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The Therapist in MourningFrom the Faraway Nearby$
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Kerry Malawista and Anne Adelman

Print publication date: 2013

Print ISBN-13: 9780231156998

Published to Columbia Scholarship Online: November 2015

DOI: 10.7312/columbia/9780231156998.001.0001

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Experiences of Loss at the End of Analysis

Experiences of Loss at the End of Analysis

The Analyst’s Response to Termination

Chapter:
(p.32) Chapter 2 Experiences of Loss at the End of Analysis
Source:
The Therapist in Mourning
Author(s):

Judith Viorst

Publisher:
Columbia University Press
DOI:10.7312/columbia/9780231156998.003.0003

This chapter demonstrates that the need to identify, resolve, and digest one's losses is a significant technical issue for psychoanalysts when the patient is nearing the end of treatment. It also shows that, in dealing with aspects of loss, analysts may find that they can utilize their responses for their own—as well as their patients'—further development. It describes the primary themes uncovered over the course of sixteen interviews with analysts who discussed their personal experience of terminating with long-term patients. All but one of the interviewees acknowledged that ending treatment invariably elicited feelings of loss. It highlights that this is an intimate relationship from both sides of the couch. Each analyst organizes and makes sense of these feelings in a unique way that then affects their clinical decisions during the termination. Each participant is subject to a range of feelings that can complicate the process of ending treatment. The chapter raises the hopeful idea that during the termination phase both patient and analyst have new opportunities to mourn.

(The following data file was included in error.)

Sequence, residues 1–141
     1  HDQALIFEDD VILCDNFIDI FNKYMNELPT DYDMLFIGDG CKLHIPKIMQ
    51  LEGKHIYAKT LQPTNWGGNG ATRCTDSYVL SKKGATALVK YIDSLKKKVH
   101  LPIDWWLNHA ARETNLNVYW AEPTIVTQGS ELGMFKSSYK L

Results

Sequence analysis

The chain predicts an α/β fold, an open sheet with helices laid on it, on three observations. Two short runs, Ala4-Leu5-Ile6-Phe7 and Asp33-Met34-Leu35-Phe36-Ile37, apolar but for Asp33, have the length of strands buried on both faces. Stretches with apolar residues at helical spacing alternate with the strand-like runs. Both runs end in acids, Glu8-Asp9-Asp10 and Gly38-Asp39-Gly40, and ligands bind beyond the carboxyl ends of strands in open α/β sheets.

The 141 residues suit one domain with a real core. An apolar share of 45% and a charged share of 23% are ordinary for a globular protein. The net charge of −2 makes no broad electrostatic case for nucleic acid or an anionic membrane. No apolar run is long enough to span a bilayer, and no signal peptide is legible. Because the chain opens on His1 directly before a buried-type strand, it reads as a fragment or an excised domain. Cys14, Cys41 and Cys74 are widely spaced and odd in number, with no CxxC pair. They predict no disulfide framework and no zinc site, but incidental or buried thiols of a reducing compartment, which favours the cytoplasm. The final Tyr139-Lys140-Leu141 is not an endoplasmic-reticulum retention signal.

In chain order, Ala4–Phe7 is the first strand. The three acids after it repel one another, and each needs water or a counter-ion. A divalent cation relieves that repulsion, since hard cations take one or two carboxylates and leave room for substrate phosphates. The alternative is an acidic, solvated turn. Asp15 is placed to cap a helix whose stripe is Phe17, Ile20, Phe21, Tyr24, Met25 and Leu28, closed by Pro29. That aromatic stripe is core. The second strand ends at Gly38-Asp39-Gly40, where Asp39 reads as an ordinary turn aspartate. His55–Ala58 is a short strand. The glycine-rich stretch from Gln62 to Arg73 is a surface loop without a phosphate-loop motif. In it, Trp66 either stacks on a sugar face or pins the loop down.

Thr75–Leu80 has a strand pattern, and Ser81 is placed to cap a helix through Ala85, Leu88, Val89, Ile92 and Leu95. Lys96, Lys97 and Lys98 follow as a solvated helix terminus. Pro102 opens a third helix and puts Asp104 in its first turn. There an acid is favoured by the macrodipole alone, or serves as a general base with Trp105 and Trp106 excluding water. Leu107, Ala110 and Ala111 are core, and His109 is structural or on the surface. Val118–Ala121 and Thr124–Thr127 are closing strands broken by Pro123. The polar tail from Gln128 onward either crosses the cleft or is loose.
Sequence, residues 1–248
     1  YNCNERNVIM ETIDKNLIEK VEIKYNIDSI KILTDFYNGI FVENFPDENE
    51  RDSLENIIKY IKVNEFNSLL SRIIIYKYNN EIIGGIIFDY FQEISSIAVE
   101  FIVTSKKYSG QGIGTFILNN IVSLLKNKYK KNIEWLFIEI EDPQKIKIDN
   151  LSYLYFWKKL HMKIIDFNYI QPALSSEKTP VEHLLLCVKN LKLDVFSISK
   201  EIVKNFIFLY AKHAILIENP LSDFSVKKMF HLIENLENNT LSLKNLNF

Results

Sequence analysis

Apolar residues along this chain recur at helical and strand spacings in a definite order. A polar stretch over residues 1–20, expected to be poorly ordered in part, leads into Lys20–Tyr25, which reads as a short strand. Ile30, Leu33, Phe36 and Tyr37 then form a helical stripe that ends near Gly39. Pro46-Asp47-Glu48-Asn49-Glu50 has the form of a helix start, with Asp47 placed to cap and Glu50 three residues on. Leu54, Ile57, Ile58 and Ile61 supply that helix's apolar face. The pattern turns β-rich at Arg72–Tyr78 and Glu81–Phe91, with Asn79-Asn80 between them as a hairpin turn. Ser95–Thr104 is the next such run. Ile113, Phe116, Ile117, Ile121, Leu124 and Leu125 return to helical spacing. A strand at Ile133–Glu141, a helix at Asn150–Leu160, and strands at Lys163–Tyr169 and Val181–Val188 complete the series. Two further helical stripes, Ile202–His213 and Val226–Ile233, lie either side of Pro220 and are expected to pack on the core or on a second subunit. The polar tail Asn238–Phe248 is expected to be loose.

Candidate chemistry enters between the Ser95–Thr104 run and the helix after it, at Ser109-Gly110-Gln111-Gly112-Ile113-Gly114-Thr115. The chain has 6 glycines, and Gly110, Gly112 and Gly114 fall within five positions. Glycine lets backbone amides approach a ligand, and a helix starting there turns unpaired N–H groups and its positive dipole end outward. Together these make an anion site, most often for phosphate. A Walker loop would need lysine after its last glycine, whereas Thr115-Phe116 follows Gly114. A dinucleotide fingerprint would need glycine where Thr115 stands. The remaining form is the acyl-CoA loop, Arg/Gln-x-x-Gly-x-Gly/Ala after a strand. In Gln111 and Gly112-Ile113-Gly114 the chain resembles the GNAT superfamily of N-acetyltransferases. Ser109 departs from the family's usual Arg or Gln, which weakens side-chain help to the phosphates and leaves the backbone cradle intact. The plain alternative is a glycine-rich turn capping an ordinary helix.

Keywords:   therapists, psychoanalysts, long-term patients, mourning, psychotherapy, treatment termination

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